While cybersecurity is an ongoing and very serious issue at the best of times, security experts say the spike in email scams during this coronavirus pandemic is the worst they have seen in years.
Cyber-criminals are targeting individuals as well as industries via email (phishing), text (smishing), and phone (vishing). The bad guys are using the world’s vulnerability and the human desire to help to scam businesses and individuals.
Some examples of scams:
- Emails and texts from a financial institution asking you to click a link to be pre-approved for a low-interest rate loan to help you through these uncertain times.
- Email from someone in your company requesting to upload personnel information, or to send an urgent wire transfer.
- Email advising to open an attachment from the World Health Organization (WHO) for more information on COVID-19.
- Fear-mongering emails, such as “Virus is now airborne” or “products Made in China have virus on them” and have a link to get more information.
- Emails from seemingly legitimate sources asking you to click “Donate here to help,” or “Click here to see the tax cuts,” or “Your Zoom attendees are waiting.”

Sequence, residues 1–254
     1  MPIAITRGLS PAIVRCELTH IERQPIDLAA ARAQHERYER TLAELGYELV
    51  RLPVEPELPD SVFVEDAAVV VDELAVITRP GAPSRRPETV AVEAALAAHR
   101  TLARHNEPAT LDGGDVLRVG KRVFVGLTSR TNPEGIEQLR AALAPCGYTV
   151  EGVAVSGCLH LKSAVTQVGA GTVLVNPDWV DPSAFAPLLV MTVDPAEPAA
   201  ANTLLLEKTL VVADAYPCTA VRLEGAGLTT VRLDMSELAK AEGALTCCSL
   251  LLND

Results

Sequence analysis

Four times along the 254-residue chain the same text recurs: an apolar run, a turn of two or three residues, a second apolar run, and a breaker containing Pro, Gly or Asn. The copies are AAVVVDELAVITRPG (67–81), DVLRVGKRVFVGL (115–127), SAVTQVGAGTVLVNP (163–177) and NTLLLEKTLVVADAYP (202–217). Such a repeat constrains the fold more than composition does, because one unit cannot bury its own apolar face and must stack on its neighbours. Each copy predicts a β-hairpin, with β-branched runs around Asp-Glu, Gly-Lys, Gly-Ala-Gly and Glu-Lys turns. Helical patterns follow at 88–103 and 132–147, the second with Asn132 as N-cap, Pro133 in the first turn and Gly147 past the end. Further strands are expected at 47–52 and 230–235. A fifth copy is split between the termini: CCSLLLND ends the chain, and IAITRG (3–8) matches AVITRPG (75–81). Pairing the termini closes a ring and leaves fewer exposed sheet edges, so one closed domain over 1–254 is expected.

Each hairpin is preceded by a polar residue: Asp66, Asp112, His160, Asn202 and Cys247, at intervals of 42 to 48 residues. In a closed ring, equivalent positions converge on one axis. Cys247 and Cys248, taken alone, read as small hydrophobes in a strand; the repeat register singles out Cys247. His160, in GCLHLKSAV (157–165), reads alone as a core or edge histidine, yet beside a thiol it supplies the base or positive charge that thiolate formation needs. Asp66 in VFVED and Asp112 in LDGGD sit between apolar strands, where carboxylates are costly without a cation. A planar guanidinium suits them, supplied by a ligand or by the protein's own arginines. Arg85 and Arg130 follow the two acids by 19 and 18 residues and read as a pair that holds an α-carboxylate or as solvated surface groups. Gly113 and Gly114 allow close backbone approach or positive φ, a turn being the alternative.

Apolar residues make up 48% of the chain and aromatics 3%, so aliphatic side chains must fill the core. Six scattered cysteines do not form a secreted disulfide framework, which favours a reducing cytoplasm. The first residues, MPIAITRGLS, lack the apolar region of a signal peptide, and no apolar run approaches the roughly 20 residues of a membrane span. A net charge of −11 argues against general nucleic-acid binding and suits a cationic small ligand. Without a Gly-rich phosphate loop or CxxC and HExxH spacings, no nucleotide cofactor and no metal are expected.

- Phone call from government or health providers requesting credit card or banking information.
Stay Vigilant — tips for every email in your work/personal email inboxes, for texts, and phone calls:
- Be suspicious of any email or text that asks you to do something out of the ordinary.
- Do not open any attachment from an unknown sender, including known businesses.
- Hover over any links within any received email to view the URL address of that link. Do not click that link before confirming the URL to which it links.
- If you receive an email or text from any business or service with a link to click that seems legitimate, do not click the link, but instead go to the original website.
- Do not provide any financial/credit card or personal information to anyone via email, text or over the phone, regardless of how legitimate it sounds.
- Be sure that any action you are taking at your business is a legitimate request. For example, emails from CEO, COO, etc., that are out of the ordinary must be confirmed with that person.
Source: Credit Union Central of Manitoba.